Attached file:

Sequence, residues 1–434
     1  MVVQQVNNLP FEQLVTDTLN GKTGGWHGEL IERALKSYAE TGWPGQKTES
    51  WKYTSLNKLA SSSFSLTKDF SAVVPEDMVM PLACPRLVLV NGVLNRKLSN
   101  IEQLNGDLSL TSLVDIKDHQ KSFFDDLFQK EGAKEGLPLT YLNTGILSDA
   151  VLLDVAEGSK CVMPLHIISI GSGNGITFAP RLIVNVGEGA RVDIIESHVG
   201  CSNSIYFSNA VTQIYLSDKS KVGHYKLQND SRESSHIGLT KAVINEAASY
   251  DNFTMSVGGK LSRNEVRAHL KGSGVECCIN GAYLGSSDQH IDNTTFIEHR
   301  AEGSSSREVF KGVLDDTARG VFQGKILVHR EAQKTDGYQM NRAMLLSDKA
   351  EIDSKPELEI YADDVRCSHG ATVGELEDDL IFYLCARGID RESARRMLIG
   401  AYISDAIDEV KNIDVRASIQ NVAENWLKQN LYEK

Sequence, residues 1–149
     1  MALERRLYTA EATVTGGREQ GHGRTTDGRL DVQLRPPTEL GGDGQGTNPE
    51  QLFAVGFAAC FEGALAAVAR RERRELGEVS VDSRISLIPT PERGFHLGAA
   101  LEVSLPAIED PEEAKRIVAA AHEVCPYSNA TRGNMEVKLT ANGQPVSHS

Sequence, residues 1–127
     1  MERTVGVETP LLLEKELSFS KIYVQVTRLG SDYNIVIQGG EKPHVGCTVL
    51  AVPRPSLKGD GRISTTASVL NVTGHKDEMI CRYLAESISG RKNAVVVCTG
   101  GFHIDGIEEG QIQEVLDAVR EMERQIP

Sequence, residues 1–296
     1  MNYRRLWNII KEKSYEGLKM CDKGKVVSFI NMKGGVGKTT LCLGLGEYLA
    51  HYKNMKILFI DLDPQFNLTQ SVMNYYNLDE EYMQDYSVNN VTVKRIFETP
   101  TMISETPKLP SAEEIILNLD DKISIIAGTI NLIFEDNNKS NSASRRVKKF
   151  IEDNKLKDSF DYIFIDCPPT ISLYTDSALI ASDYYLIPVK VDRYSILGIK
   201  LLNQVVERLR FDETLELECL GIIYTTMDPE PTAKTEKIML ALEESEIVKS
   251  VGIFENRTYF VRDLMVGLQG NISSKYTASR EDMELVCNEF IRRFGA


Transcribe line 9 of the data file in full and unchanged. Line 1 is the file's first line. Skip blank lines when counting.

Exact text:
   351  EIDSKPELEI YADDVRCSHG ATVGELEDDL IFYLCARGID RESARRMLIG